Background[edit] Main article: Unification of Saudi Arabia In the beginning of the 20th century Arabia was an arena of tribal wars, which had eventually led to unification under the leadership of Al Saud. The main tool for achieving these conquests was the Ikhwan, the Wahhabist- Bedouin
Bedouin
tribal army led by Sultan bin Bajad al-Otaibi and Faisal al-Dawish.[6][7] From the Saudi core in Nejd, and aided by the collapse of the Ottoman Empire after the First World War, the Ikhwan
Ikhwan
had completed the conquest of the territory that was to become Saudi Arabia by the end of 1925. On 10 January 1926 Abdul-Aziz declared himself King of the Hejaz
Hejaz
and, then, on 27 January 1927 he took the title of King of Nejd
Nejd
(his previous title having been 'Sultan'). Undermining the authority of Ibn Saud[edit] Main article: Ikhwan
Ikhwan
raid on Busayya After the conquest of the Hejaz, some Ikhwan
Ikhwan
leaders wanted to continue the expansion of the Wahhabist
Wahhabist
realm into the British protectorates of Transjordan, Iraq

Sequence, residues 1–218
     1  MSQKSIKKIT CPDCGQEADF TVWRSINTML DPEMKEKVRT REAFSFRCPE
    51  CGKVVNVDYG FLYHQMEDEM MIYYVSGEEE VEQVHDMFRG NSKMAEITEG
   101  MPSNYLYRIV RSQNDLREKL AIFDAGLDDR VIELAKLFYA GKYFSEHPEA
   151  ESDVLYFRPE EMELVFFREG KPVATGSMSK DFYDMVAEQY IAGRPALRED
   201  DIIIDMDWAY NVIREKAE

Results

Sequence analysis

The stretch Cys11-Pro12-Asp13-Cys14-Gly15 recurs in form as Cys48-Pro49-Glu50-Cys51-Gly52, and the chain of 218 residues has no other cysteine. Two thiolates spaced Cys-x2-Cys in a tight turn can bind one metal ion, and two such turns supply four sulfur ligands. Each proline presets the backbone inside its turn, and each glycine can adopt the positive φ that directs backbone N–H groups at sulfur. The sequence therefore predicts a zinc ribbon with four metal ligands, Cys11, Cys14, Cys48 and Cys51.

Iraq
and Kuwait. The tribesmen had already tried to gain territory in the Kuwait-Najd Border War and raids on Transjordan, but they suffered heavy casualties. Defying Ibn Saud, elements of the Ikhwan, mainly consisting of the Mutair tribe under al-Dawish, launched a raid on southern Iraq
Iraq
on 5 November 1927, clashing with Iraqi troops near Busayya, resulting in some 20 casualties on both sides.[1] Elements of the Ikhwan
Ikhwan
also raided Kuwait in January 1928. On both occasions they looted camels and sheep. Though they raided brutally, they suffered heavy retaliations from the Royal Air Force
Royal Air Force
(RAF) and Kuwaitis.[8] In January 1929, an Ikhwan
Ikhwan
raid on the Sheikhdom of Kuwait
Kuwait
resulted in the killing of an American missionary, Dr. Bilkert, who was traveling by car with another American, the philanthropist Charles Crane.[9] With no signs of Ibn Saud
Ibn Saud
mobilizing his forces to rein in the Ikhwan and stop the raids, RAF resources were extended to Kuwait.[9] Open revolt[edit]

Abdul-Aziz, however, refused to agree to the wild Ikhwani raids. Although the Ikhwan
Ikhwan
had been taught that all non-Wahabbis were infidels, Abdul-Aziz was well aware that the few parts of central Arabia not part of his realm had treaties with London. He himself had just won British recognition as an independent ruler only a year earlier, and recognized the danger of a direct conflict with the British. The Ikhwan
Ikhwan